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    Vatican Foreign Minister Paul Gallagher, right, and his Palestinian counterpart, Riad al-Malki, shake hands after signing a treaty at a ceremony inside the Vatican, Friday, June 26, 2015.

    Vatican Signs First Palestine Treaty, Calls for Two-State Solution

    © AP Photo / L'Osservatore Romano
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    Palestine's increased recognition in the international community has continued, with the Vatican signing it's first treaty with the "State of Palestine," calling for "courageous decisions" to be made to help end the ongoing Israeli-Arab conflict and secure a peaceful two-state solution.

    The treaty relates to the Catholic Church's activities in areas controlled by the Palestinian Authority (PA) and comes after the Vatican first announced in May that it would formally recognize the Palestinian state.

    Israeli officials have condemned the signing of the treaty, saying that the recognition of a Palestinian state is "a hasty step (that) damages the prospects for advancing a peace agreement."

    The Vatican's foreign minister, Archbishop Paul Gallagher disagreed, saying that he hoped the agreement would help to act as a "stimulus to bringing a definitive end to the long-standing Israeli-Palestinian conflict, which continues to cause suffering for both parties."

    He also urged direct negotiations between Israeli and Palestinian officials to resume in order to work towards a two-state solution. 

    "This certainly requires courageous decisions, but it will also offer a major contribution to peace and stability in the region," he said. 

    Decision Marks International Trend

    While more than 130 countries around the world, including Russia, China and Poland recognize Palestine as a state, many western governments have refused to join the global consensus until fairly recently.

    The UN General Assembly adopted a 2012 resolution recognizing Palestine as a non-member observer state, despite some protestations from countries such as the US and Canada, and abstentions from other western representatives.

    Many critics argue that the close nature of Israel's relationship with the US means that many other allied countries are not keen to change their view on Palestine.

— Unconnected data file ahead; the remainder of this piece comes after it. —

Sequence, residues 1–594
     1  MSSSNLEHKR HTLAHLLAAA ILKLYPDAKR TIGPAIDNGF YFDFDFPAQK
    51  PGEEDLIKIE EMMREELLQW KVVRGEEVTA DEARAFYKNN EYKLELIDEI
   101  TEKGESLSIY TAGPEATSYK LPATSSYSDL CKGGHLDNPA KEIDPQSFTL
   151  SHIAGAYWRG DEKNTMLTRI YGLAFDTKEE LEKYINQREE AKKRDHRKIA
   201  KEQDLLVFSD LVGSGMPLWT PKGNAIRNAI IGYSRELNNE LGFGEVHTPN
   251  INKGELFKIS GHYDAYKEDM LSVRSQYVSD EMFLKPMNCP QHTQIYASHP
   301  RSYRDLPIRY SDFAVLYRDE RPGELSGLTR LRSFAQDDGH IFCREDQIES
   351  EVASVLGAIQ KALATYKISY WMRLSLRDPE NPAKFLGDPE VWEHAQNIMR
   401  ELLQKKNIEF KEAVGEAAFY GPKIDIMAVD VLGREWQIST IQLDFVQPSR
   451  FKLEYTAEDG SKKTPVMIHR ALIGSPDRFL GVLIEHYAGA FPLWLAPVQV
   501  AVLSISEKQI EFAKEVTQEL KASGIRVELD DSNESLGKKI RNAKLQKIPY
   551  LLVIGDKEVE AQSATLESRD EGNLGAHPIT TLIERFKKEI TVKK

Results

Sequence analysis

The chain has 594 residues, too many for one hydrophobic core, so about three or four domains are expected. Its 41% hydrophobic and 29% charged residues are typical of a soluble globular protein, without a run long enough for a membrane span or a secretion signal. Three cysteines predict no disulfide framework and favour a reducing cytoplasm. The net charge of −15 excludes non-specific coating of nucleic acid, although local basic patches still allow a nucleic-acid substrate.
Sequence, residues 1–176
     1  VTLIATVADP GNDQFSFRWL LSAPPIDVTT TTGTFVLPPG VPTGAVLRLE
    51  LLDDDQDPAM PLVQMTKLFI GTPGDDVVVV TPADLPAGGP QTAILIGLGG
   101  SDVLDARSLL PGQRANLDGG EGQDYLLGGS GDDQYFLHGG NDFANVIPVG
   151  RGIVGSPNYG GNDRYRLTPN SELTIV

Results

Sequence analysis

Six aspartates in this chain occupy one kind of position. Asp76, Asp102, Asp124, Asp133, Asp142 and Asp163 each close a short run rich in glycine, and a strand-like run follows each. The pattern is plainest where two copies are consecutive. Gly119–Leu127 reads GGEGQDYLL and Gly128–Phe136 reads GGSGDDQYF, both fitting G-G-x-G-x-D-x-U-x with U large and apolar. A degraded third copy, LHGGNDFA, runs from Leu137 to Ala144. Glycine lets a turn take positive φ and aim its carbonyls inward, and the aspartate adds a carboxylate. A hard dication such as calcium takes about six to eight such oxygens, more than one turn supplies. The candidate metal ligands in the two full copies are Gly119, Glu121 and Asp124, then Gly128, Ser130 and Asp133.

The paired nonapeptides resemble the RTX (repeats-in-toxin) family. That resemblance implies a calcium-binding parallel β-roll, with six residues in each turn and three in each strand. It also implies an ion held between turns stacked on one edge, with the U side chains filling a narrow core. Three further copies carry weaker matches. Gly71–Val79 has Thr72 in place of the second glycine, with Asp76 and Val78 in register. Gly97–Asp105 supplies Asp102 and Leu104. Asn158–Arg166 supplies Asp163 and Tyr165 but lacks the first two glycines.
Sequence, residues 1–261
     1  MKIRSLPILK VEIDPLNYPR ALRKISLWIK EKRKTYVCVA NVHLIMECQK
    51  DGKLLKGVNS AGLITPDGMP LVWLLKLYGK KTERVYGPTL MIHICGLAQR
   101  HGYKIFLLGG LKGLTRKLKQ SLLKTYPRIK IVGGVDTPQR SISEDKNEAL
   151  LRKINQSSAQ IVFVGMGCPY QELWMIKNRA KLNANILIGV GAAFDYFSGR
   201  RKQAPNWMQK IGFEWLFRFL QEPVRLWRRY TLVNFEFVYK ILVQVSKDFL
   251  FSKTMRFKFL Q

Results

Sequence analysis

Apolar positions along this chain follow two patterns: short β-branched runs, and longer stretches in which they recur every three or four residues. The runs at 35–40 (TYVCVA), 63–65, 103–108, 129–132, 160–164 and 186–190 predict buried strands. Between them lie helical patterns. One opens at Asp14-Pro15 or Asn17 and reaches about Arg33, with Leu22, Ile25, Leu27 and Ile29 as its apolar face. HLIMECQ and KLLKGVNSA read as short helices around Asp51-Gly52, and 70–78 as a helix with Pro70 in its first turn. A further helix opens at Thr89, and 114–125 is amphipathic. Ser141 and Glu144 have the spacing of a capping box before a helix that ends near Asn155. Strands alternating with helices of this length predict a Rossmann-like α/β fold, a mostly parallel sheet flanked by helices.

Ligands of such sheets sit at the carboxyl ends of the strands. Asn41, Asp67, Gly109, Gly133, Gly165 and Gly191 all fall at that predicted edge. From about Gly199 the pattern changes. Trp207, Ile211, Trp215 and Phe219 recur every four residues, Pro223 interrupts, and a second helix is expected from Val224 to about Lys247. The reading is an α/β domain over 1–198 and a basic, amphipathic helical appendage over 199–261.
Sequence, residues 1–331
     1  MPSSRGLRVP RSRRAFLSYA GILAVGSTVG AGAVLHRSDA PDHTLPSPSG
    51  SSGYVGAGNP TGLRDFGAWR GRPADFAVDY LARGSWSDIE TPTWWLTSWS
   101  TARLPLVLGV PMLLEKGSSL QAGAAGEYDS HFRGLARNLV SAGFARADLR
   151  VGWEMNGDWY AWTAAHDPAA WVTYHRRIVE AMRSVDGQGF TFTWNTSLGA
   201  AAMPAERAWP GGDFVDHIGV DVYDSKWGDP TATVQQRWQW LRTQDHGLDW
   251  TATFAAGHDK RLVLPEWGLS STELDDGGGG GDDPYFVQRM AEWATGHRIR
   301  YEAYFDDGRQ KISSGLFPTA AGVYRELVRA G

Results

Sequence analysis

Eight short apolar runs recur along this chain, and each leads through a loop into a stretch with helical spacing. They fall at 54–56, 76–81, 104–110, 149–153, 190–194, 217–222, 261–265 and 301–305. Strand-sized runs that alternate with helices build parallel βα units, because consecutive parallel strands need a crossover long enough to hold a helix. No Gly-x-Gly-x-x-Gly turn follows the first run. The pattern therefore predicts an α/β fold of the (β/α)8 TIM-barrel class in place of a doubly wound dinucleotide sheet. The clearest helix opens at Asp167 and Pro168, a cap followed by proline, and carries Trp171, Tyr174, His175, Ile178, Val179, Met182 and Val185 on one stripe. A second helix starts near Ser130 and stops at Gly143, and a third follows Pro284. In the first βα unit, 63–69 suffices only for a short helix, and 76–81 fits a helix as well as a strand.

Iceland was the first western European state to officially recognize Palestine in 2011, while Sweden became the second to do so last year in a trend that has seen many other western nations express their support for Palestinian recognition. 

    An Israeli Arab carries a Palestinian flag during a march in the northern town of Sakhnin in this October 1, 2014 file photo
    © REUTERS / Ammar Awad/Files
     A hugely symbolic decision was taken by the UK parliament in October last year, with the House of Commons passing a non-binding motion calling on the government to recognize Palestine. 

    However, the government under David Cameron has chosen not to follow up on the decision, echoing the arguments put forward by Israeli and US officials, saying that while it does support the Palestinian statehood, it needs to happen at a suitable time.

    Palestine's integration with the international community also comes as the Palestinian Authority's handed over its first submission to the Hague-based International Criminal Court (ICC), where it has accused Israel of various crimes committed during last year's military offensive in Gaza.

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    Tags:
    State of Palestine, stability, Israeli-Palestinian conflict, conflict, war, 2014 Gaza War, Palestinian Authority, Roman Catholic Church, Palestine, Israel, Vatican
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